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Type AMNESTY DECISIONS
Names GLEN VILAKAZI AND 59 OTHERS
Case Number AC/99/0243
Matter AM 7730/97
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These are 60 applications for amnesty in terms of Section 18 of the Promotion of National Unity and Reconciliation Act, No. 34 of 1995 ("the Act"), relating to the political conflict between members or supporters of the African National Congress ("ANC") and Inkatha Freedom Party ("IFP") in the East Rand, particularly in the townships of Thokoza and Katlehong during the period 1990 - 1994. Three further amnesty applications were heard by the Panel, in two instances, from Applicants who are serving prison sentences in respect of the acts forming the subject matter of their applications.
In the interests of justice, the decisions in those two matters were handed down at the conclusion of the respective hearings. Amnesty was granted to both Applicants. The third application, was that of a resident of Katlehong, and was dealt with and decided separately from this decision which relates predominantly to applications by residents of Thokoza.
The township of Thokoza is a formal residential area in that part of Gauteng Province previously referred to as the East Rand. Thokoza forms part of the sprawling Kathorus area encompassing (and being an acronym for) the adjacent townships of Katlehong, Thokoza and Vosloorus. The layout of Thokoza is roughly triangular in shape with the apex pointing in an easterly direction. At the time of the said conflict, there were 7 hostels scattered around the periphery of the township. Five of these hostels were situated along the northern periphery. Of these 3 were roughly in the vicinity of the apex (north east) and 2 in the vicinity of the base (north west) of the triangular shape. The remaining 2 hostels were situated along the southern periphery nearest to the base (south west) of the triangular shape. Thokoza was thus roughly surrounded by hostels. The southern periphery borders on Schoeman Street which is the common boundary between Thokoza and Katlehong. An informal settlement, Phola Park, developed in the vicinity of the said 2 hostels situated on the north western side of the township. Thokoza itself was divided into various sections which not only underwent a change of name but was given differing official and colloquial names. The present applications relate mainly to the Lusaka "A" and "B" sections as well as Phola Park. To complete the geographical picture it is necessary to point out that the Lusaka "A" and "B" sections are sandwiched in between other sections on the eastern side of the township.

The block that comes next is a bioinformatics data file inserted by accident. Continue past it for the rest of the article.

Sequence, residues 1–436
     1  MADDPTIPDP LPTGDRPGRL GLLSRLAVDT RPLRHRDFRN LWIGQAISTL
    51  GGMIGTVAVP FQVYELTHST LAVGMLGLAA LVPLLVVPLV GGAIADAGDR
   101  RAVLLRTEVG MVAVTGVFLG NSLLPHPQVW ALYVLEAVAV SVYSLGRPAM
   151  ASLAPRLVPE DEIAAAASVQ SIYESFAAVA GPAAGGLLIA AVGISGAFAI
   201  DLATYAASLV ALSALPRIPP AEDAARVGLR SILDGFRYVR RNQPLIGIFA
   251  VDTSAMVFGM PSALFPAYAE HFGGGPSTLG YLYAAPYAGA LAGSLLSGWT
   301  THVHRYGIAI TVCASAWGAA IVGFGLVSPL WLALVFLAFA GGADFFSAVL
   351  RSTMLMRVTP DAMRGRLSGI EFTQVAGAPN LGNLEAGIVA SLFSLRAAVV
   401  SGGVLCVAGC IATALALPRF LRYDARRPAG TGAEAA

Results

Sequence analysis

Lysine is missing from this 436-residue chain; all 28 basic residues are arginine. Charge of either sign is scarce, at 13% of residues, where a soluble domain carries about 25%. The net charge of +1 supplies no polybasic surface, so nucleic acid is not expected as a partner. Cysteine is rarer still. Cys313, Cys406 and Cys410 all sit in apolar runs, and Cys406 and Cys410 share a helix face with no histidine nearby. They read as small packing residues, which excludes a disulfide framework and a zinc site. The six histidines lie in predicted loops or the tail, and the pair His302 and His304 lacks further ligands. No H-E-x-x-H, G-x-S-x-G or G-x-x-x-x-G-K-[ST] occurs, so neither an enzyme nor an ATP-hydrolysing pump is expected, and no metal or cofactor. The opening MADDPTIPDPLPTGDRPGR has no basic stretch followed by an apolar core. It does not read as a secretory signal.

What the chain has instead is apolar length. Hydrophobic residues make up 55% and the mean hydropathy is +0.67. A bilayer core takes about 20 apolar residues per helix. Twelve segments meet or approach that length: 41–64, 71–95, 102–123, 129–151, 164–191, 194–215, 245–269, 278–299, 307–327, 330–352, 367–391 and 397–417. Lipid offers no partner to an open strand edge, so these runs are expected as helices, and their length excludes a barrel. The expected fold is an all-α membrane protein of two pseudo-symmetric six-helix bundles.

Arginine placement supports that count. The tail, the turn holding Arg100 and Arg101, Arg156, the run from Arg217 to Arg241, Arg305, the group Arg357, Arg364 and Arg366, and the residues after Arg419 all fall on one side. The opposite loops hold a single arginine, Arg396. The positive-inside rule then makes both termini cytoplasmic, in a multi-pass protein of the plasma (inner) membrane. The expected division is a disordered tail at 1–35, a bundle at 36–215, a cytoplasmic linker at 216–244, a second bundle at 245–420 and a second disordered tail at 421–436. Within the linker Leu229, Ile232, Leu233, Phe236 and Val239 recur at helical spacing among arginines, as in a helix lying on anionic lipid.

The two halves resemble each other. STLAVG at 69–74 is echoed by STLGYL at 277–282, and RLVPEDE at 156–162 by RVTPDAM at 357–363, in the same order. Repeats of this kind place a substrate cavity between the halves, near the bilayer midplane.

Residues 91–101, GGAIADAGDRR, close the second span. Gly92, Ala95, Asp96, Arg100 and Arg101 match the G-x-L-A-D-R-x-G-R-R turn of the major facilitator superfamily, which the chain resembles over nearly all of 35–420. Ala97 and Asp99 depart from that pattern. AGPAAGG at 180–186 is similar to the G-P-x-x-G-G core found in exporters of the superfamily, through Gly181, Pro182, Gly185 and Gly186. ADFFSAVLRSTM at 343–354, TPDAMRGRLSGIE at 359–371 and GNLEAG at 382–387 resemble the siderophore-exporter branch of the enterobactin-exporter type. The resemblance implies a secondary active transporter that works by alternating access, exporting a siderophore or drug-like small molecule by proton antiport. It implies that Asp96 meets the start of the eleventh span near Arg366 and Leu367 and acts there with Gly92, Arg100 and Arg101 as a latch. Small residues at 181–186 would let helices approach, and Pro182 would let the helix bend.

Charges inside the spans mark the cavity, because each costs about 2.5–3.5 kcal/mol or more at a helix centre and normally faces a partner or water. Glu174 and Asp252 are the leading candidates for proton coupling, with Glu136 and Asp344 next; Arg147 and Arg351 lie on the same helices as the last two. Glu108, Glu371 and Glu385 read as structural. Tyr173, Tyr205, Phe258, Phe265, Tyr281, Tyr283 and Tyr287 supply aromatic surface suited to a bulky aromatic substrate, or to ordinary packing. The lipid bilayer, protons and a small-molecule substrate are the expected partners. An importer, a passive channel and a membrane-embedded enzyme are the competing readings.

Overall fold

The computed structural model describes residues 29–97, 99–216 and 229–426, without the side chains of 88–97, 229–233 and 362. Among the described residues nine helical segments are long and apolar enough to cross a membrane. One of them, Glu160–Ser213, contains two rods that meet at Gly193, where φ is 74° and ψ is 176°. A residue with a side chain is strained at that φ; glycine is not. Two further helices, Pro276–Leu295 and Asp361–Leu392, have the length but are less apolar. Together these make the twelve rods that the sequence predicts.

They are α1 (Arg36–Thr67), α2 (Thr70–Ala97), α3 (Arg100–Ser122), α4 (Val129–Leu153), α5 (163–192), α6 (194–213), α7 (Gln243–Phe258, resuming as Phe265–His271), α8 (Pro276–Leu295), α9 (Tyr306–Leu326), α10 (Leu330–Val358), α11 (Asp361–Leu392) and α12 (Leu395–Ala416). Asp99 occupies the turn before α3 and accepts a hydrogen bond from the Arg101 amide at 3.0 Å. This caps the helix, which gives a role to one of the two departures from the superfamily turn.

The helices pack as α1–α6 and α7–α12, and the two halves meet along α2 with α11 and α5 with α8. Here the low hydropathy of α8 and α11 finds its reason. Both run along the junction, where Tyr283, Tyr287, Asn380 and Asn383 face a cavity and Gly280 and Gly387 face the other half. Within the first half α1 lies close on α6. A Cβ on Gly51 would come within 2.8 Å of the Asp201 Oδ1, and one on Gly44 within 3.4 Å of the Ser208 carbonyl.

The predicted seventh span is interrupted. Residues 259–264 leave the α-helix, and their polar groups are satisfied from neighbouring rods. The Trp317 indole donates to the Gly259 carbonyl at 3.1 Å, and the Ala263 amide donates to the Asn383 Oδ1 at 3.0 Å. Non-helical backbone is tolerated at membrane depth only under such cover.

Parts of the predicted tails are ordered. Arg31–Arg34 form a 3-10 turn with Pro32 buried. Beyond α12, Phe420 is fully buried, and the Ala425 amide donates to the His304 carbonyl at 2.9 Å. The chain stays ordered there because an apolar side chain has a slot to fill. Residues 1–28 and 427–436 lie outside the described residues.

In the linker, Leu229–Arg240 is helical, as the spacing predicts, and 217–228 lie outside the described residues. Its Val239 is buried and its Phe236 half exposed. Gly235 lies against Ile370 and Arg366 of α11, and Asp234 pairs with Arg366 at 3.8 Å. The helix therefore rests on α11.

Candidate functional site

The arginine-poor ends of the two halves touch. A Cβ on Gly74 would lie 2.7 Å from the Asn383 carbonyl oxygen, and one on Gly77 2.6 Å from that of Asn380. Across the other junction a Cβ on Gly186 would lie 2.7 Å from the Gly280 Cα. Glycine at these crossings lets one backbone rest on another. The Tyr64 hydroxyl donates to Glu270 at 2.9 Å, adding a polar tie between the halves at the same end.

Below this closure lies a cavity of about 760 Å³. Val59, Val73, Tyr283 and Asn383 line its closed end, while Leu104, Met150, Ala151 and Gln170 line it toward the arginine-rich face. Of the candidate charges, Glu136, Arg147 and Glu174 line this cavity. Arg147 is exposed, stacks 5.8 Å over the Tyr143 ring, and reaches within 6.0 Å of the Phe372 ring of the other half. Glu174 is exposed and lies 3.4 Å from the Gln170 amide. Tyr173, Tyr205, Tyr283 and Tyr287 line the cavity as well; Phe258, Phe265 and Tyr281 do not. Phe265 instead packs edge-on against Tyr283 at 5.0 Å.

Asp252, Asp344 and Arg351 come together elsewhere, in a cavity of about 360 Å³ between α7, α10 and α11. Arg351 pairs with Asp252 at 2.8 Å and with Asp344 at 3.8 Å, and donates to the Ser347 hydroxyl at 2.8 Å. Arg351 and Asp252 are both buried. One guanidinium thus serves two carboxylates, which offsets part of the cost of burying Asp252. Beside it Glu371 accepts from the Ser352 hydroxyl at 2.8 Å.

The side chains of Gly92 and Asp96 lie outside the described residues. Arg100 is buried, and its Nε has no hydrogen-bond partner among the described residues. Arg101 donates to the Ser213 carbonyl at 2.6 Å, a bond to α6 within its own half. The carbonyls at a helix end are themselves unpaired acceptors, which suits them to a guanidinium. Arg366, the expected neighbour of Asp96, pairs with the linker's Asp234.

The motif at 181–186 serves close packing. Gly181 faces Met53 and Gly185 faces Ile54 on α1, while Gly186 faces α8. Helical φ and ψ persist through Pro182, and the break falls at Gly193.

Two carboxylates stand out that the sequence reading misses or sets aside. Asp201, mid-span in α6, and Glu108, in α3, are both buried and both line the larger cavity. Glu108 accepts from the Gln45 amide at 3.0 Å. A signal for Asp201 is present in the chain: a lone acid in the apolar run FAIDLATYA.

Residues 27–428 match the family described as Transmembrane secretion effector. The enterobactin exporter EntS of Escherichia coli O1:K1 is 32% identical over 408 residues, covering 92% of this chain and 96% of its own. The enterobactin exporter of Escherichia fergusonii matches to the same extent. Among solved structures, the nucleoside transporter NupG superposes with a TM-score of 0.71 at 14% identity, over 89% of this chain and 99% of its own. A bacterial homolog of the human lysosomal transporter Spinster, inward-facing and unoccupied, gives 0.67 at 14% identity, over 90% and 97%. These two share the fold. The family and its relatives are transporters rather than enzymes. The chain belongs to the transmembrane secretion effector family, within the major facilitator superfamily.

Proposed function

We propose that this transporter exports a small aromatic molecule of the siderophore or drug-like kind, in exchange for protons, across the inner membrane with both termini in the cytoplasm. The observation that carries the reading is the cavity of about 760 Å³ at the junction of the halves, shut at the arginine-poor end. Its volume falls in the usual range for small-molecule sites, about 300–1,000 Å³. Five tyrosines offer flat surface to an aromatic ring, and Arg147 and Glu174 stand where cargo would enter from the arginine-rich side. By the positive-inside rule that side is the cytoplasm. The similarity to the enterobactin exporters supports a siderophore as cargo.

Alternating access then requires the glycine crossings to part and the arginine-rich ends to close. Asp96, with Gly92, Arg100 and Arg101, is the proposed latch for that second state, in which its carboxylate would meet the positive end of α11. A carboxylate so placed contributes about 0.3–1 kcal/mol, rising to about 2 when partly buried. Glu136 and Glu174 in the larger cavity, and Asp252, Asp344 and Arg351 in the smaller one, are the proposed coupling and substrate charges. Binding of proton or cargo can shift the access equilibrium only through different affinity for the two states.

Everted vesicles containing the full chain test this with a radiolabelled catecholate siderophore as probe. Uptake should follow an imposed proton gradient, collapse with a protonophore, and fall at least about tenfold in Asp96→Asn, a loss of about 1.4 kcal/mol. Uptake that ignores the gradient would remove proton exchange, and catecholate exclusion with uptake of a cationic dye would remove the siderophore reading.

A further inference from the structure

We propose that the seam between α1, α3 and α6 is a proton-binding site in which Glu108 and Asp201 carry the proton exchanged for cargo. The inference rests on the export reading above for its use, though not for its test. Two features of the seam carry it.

The panel held an inspection in loco in Thokoza and had the benefit of hearing the testimony of Ms Sally Sealy and Mr Duma Nkosi in regard to the background and circumstances of the conflict in the Kathorus area during the period 1990 until a few weeks prior to the general elections on 27 April 1994. Ms Sealy was a senior researcher employed by the Independent Board of Inquiry which was established by a number of high-profile anti-apartheid organisations to investigate the situation of political conflict which prevailed in the country at the time. She was intimately involved in monitoring the conflict in Thokoza and became very well acquainted with the situation in the township. Mr Nkosi is a resident of Thokoza for very many years and is presently an ANC member of parliament. He has held various leadership positions within the ANC and community structures in Thokoza and has extensive first hand knowledge about the political conflict in Thokoza. The Panel found their testimony extremely helpful in understanding the general situation and the background to the individual amnesty applications. We now proceed to set out the general background to the applications and this conflict gleaned from these sources.